Kate Shafie didn't want to talk to the I-Team after she tried to sell a 10News undercover producer a car. Before she drove away, Shafie showed the car she was running an ad for: a 2004 Ford Taurus SE selling for $7,450. The four door vehicle was advertised with 59,000 miles. The ad said the car was from a "retired original owner." Shafie told the producer the car which had Missouri license plates belonged to her parents.While Shafie claimed the car was a family vehicle, the I-Team tracked the vehicle identification number (VIN) and found the CarFax for the Taurus. The car's history showed the car was driven a year and half as a corporate fleet vehicle.
The Ford Taurus' VIN.
When I-Team reporter Mitch Blacher asked Shafie, "You sell on Craigslist. How many have you sold?"Shafie responded, "I don't have to answer that. That's none of your business."For nine months, the I-Team tracked Shafie and a practice called "curbstoning," which is when licensed dealers sell cars while pretending to be private sellers or when unlicensed individuals routinely sell vehicles for profit. If caught, curbstoners face up to $1,000 fines for each violation, up to six months in jail or both. When it involves a licensed dealer, the California Department of Motor Vehicles can also take admistrative action."I have a dealer's license so I can sell as many as I need to," Shafie told the I-Team. She refused to show the I-Team her dealer's license. "Yeah, but I'm not going to dish it out to you," Shafie said. "That's my personal business."
Kate Shafie's car ad that the I-Team responded to.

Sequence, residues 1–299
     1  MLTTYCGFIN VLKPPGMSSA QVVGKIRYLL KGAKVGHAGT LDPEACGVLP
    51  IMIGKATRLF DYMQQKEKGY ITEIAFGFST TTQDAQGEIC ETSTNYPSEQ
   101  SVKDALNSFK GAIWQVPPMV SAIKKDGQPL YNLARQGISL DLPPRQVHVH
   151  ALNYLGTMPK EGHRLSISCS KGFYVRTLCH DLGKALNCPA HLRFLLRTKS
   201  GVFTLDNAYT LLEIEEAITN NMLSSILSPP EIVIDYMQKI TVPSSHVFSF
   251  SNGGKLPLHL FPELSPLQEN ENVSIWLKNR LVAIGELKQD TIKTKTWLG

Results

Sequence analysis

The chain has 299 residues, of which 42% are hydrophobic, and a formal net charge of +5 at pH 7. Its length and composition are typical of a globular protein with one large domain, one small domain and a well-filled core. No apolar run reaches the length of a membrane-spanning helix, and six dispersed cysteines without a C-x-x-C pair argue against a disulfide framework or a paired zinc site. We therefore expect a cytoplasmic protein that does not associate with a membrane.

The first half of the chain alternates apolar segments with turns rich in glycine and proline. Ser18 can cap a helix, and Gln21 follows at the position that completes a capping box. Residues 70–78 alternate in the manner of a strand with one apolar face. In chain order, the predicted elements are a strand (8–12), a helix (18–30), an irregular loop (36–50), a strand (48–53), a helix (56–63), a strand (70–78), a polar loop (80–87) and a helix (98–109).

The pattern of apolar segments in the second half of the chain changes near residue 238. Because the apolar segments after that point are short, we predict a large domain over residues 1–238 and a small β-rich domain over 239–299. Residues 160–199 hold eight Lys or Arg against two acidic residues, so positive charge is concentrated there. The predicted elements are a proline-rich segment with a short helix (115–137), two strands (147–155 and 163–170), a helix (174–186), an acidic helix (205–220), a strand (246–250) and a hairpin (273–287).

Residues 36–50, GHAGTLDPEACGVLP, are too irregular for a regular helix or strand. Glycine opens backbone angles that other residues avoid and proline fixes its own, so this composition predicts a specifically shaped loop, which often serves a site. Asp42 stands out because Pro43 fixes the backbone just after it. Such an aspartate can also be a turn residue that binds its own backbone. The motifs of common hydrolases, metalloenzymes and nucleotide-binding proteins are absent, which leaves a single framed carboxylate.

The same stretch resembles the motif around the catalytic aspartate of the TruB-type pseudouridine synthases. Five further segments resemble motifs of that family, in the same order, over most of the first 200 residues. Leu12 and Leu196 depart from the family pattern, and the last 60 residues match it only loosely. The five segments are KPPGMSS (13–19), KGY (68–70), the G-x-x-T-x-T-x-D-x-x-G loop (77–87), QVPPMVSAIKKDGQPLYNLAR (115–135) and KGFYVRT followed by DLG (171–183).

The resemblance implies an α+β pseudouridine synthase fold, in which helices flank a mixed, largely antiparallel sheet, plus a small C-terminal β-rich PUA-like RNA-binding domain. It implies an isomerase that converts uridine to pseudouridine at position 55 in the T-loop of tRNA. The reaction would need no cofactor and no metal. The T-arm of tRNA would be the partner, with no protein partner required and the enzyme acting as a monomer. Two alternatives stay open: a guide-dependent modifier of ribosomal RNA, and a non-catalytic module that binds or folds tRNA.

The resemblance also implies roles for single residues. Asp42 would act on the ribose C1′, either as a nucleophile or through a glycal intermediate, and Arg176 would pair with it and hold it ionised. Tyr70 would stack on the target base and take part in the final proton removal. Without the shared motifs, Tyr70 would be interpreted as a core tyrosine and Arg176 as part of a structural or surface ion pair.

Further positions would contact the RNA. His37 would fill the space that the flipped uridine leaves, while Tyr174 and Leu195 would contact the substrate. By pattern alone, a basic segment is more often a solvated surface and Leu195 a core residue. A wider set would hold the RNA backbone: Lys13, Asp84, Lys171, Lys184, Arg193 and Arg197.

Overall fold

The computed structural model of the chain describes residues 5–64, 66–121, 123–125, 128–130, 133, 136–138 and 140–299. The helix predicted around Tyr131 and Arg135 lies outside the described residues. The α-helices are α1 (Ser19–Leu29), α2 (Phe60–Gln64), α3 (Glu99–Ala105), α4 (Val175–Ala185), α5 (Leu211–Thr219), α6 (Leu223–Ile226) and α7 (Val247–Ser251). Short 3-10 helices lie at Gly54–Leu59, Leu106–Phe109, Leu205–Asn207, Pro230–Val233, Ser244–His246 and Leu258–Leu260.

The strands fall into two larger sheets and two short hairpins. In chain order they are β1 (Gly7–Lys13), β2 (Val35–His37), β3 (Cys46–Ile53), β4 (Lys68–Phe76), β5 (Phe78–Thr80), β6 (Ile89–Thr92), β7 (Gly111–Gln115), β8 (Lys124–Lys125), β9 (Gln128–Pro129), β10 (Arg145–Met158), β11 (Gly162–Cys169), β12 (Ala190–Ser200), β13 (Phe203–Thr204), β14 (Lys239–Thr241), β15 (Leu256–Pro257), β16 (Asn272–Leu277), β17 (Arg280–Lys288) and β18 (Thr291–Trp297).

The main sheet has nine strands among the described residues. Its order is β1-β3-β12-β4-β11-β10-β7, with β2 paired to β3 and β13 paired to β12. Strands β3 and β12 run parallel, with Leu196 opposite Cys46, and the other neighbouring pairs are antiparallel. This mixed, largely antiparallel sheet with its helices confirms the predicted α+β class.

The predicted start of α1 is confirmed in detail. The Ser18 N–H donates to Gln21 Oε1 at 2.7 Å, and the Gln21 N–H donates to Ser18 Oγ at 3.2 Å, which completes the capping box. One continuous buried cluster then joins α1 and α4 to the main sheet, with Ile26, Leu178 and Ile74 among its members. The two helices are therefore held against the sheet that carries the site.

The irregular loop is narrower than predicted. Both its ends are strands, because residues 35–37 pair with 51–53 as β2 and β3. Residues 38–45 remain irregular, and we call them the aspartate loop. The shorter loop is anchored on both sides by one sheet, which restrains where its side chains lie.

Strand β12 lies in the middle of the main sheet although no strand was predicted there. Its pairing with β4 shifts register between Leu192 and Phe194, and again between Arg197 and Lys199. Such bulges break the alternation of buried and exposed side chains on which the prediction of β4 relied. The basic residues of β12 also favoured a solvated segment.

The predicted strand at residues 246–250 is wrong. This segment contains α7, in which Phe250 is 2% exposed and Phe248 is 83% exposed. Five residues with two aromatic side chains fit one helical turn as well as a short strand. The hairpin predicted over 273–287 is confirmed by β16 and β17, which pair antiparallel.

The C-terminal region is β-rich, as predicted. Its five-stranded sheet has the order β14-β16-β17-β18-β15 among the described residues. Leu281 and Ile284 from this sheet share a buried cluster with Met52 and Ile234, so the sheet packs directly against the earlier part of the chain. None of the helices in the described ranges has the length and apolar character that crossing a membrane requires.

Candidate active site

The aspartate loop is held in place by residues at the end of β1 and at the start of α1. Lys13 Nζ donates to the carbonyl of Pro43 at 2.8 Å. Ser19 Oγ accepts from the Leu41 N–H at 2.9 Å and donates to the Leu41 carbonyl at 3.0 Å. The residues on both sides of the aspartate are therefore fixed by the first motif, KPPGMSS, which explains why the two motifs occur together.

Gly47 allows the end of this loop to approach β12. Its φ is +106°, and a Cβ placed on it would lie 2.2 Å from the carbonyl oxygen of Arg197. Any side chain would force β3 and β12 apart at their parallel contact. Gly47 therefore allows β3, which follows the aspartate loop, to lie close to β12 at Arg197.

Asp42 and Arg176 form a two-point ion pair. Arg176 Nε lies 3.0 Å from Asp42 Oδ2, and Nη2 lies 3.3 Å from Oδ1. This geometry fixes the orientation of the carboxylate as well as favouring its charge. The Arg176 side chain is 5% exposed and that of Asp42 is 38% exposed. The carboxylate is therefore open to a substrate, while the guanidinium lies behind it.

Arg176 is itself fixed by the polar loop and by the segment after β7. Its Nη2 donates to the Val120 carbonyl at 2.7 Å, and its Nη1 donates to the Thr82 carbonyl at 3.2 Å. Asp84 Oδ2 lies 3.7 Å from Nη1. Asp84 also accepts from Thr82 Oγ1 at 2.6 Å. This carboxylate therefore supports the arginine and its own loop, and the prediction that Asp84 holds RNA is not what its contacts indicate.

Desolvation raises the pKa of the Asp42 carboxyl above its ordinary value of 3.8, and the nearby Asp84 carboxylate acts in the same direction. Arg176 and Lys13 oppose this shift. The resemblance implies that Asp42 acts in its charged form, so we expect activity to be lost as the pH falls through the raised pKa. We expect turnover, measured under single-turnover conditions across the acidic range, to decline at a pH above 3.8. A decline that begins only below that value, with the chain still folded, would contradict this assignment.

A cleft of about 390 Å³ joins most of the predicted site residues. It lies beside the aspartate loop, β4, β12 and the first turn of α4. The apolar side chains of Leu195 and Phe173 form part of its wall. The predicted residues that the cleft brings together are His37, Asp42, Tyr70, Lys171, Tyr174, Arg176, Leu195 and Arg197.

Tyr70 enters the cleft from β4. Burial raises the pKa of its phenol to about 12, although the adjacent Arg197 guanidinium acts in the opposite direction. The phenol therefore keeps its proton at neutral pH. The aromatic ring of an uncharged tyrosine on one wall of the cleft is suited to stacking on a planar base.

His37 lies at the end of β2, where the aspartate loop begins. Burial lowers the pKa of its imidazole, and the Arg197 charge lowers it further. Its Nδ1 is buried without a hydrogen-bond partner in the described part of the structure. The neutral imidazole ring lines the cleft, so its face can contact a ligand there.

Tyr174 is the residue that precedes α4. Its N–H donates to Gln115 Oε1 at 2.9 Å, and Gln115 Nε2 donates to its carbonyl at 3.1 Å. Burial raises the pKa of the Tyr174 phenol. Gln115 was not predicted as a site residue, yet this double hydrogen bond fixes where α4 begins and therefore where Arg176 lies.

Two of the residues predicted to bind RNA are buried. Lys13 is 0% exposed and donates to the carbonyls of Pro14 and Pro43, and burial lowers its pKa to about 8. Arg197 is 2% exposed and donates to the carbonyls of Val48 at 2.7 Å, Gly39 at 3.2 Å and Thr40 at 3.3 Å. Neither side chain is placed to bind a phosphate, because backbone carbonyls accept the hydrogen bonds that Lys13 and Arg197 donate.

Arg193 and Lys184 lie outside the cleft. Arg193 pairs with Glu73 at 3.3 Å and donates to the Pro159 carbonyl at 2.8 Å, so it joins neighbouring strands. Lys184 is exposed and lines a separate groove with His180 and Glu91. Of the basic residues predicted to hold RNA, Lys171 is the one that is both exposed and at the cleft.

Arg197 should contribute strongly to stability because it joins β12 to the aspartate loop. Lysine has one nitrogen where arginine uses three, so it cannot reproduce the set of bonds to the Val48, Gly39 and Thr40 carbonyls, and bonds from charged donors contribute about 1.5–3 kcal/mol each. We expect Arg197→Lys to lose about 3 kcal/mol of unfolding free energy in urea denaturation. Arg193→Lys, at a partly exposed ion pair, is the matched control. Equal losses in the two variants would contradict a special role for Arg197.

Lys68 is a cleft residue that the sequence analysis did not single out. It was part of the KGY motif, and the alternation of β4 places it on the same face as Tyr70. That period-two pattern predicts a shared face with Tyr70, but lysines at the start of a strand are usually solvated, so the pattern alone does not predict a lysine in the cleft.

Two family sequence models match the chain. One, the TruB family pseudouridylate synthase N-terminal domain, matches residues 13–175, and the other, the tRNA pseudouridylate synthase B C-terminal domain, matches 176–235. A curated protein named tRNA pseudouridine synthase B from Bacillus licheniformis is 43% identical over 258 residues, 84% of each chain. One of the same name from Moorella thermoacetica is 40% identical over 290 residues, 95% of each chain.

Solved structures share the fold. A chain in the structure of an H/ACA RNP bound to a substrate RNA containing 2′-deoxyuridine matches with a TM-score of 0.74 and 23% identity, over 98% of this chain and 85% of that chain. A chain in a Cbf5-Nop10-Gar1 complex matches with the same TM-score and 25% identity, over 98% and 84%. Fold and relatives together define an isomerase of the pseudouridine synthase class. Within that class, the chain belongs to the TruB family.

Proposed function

Shafie does have a dealer's license, but she pretends to be a private seller. Shafie lists vehicles for sale on Craigslist, Autotrader, and in newspapers. The I-Team found at least a dozen different cars listed. In advertisements, she claims the car is being sold for a relative like her mother or father. Shafie uses different phone numbers and different names including Kat, Katey and Kitty."I'm doing everything by the law," Shafie told the I-Team while placing her hand in front of the 10News camera."Curbstoning deals are bad for consumers," said Rosemary Shahan of Consumers for Auto Reliability. Shahan said customers don't really know who they are buying from and what they're buying when they deal with individual sellers. She said legitimate car dealers have to do things the legal way, while curbstoners can operate below the radar."I wanted everyone to be aware of Kate," said Barbara Perkins, who tried to buy a van from Shafie. When Perkins asked for her deposit back, she said Shafie told her forget it."The van was supposedly her grandfather's but that wasn't true," said Perkins who discovered the vehicle's history when she researched the 2001 Toyota van she planned to buy from Shafie. "The car has been bought and sold from auto auctions from Florida to California."Perkins never got her money back and made it her mission to expose Shafie's business dealings.A new state law, AB 2042 gives law enforcement the power to impound cars being sold by curbstoners. And the DMV has been cracking down too. The I-Team found that in the last three years, the DMV has investigated 367 curbstoning cases in San Diego county. Statewide, they have investigated 6,498 curbstoning cases.The I-Team also found out this isn't the first time Shafie's been caught. According to the DMV, they "issued a warning letter to the Shafies, doing business as Quality Plus, notifying them against selling from unlicensed locations in violation of the California Vehicle Code. Katie Shafie was also verbally warned about violating the law by repairing vehicles without a license from the Bureau of Automotive Repair."